This week I had the honor of joining a sweet friend in a tour of her new farm, recently purchased and moved into. She is a new friend of mine, we have just met and gotten to know each other in the last few weeks. When I met her, one of the first things she shared with me was that she and her family were in the process of purchasing a new home. She even sent a picture and a link to the place so I could see what all her excitement was about.
When I saw the pictures I immediately understood. It was an old farm, built in the 1940’s. The property came with an old farmhouse with several add-ons, like they liked to do back in the day. It came with several outbuildings, a pond (with a row boat), an old smokehouse, fruit trees, an old tractor, and the most beautiful old red barn you have ever seen.
When she invited my boys and I out there for a visit and tour, I was most willing to get to know my new friend and to explore this great place. Our hostess was a wonderful tour guide. Her love of that place was so evident as she showed me the antique porcelain doorknobs, the original wood floors, the amazing screened-in porch, and the view of her farm from the kitchen window. We toured the outhouses, walked around the pond and climbed the old stairs in the barn to the hayloft. The kids climbed on the old tractor and declared they wanted to come here, “every day!”
It was a breathtaking place. What struck me though, was what she pointed out as she shared the joy of her new home with us. She excitedly pointed out the cracked walls, the warped floors, the sagging ceilings and the decades worth of layered, peeling wall paper. She took me up the rickety old stairs up to the attic, where eventually her family will have the most amazing library and playroom that will overlook their farm. Right now that space seems anything but, with exposed joists and unsteady footing. She pointed out the odd wall with a window, separating the two sides of the attic from the each other (evidence of a past growth spurt). She showed me the holes that had been covered from where the old cook stoves had been removed to fit the house for modern heating and air. She showed me strange, imagination-inspiring nooks, crannies and closets. In the barn she showed me the broken down horse stalls, the long-unused farm tools, the piles of weathered barn wood filling the hayloft. We sought out old fences, explored neglected chicken coops and wondered at the outhouse placed conveniently beside the pond.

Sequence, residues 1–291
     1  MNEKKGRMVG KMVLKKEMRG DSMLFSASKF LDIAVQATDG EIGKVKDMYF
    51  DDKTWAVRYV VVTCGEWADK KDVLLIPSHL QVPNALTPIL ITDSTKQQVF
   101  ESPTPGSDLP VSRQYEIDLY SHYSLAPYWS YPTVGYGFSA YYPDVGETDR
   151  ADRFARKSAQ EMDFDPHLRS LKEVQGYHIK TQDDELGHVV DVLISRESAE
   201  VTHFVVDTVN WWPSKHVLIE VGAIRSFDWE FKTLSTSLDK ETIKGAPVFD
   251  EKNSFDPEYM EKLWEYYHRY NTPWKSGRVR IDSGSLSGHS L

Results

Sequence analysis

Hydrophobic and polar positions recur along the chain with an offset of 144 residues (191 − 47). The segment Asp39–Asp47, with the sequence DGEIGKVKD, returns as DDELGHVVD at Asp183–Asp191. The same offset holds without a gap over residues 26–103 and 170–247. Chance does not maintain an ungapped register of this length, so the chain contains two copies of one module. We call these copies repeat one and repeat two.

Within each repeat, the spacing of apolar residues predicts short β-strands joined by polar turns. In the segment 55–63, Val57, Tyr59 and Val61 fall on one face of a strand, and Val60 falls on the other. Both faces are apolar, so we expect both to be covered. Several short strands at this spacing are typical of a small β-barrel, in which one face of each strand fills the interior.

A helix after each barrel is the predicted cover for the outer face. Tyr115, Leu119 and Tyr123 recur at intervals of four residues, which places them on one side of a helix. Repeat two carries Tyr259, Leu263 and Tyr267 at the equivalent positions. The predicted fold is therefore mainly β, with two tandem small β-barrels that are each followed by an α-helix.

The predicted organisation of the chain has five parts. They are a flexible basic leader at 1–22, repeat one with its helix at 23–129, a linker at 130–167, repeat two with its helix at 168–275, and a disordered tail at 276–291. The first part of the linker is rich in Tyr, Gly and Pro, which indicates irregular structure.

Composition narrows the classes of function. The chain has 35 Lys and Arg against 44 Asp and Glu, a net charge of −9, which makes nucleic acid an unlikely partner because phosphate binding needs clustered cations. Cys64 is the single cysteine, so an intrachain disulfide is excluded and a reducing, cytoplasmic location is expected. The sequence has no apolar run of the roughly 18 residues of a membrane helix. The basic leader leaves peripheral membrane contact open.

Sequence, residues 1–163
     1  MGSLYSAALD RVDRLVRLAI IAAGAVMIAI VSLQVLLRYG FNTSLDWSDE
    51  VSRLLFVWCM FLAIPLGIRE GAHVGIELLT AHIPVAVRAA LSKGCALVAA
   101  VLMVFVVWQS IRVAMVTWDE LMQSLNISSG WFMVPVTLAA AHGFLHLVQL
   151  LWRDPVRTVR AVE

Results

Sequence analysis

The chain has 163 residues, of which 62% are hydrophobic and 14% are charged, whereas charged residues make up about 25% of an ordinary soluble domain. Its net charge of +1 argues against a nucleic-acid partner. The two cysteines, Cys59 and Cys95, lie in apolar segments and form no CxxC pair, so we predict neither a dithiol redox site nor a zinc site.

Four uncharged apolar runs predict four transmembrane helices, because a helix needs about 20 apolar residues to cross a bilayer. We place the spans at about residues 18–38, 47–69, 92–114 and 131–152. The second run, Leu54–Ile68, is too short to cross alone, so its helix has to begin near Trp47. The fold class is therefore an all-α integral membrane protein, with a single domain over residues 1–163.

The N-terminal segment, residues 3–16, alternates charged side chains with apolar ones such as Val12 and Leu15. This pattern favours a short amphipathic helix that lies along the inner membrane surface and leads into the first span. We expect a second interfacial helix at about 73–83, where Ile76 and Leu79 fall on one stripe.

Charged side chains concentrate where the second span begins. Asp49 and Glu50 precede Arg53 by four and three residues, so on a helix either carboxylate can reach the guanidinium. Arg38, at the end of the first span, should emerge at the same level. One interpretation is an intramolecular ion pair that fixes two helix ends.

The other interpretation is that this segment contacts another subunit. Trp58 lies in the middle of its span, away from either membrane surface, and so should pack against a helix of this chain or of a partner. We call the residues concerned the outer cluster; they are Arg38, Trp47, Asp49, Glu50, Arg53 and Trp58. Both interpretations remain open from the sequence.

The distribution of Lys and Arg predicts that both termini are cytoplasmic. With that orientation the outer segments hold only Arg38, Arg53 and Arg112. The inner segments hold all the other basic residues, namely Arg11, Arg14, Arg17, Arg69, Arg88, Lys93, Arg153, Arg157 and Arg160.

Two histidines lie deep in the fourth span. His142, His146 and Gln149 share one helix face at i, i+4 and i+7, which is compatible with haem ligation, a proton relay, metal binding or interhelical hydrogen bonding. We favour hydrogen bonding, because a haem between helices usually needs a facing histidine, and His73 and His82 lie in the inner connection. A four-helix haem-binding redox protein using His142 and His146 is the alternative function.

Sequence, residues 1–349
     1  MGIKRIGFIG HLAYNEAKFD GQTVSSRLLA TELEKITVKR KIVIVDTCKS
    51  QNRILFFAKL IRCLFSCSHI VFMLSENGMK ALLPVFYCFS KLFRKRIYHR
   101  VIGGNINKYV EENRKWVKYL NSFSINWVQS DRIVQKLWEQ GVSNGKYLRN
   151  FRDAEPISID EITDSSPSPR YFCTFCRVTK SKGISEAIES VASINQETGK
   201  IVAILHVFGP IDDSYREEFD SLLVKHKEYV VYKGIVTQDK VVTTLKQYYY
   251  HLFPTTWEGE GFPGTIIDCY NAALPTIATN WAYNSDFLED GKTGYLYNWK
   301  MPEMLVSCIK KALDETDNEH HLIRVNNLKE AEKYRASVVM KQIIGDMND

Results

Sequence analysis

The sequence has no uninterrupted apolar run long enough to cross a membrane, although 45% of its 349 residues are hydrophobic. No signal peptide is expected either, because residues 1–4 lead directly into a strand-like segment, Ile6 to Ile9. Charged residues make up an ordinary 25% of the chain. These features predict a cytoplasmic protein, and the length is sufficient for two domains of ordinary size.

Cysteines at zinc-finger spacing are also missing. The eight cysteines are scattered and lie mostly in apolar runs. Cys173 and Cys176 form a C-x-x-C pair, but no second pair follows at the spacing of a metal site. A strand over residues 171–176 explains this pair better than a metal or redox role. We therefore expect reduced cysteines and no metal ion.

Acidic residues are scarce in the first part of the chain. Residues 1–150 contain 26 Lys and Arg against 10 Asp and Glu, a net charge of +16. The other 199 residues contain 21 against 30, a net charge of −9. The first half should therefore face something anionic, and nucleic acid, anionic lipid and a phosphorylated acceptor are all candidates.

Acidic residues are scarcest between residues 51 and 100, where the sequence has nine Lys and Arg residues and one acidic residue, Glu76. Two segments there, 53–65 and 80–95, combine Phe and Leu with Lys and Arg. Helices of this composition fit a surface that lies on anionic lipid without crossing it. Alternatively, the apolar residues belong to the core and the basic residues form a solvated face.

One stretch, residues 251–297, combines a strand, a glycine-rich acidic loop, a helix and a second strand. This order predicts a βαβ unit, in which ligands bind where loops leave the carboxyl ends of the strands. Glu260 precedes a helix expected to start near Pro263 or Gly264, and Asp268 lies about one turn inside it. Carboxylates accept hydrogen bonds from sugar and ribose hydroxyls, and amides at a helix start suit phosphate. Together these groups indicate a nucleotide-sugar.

There was so much joy in all these little old, dirty, worn out and long-forgotten things. Where many would say broken, rusted and out-of-date, she saw charm, and evidence of her new home having a “soul”.
Where most would see unlimited work and effort, she sees an opportunity for her and her husband to create something together. Where some would see exposed ceiling joists, she sees a peek into the past. Where some would see warped floors, she sees ancient wood that tells a story. Where some may see layers of dirt, grime and years worth of neglect, she sees an amazing life for her, her family and her new chickens.
I think that grace is so much like my friend and her eyes for her farm. Grace looks at us, not with eyes that cover all our evidence of brokenness, despair and neglect, but with ones that seek out those things and sees them for what they could be. Grace allows us to invite God and others in, and seeks out the peeling wallpaper, the cracks in our walls and the warped flooring, and gives us a vision for the beauty that those things hold. It sees joy in the face of the work involved. It sees beauty in dirty, messy and old. Grace is what exposes our weaknesses, but then uses them to make us a beautiful home for Himself.
Our weakness and brokenness are to Him, like that old house is to my friend. They are opportunities to create a new home, with an old soul. New memories that will be mingled in with the past; ones that appreciate the memories already made, not covering them up, but making them part of the new.
Grace makes all things more beautiful, and makes the old new again. It gives joy in the face of messes. It sees opportunities in brokenness. It gives strength in the work ahead because it sees what it all could be, just like on the farm.
Thank you God, for grace!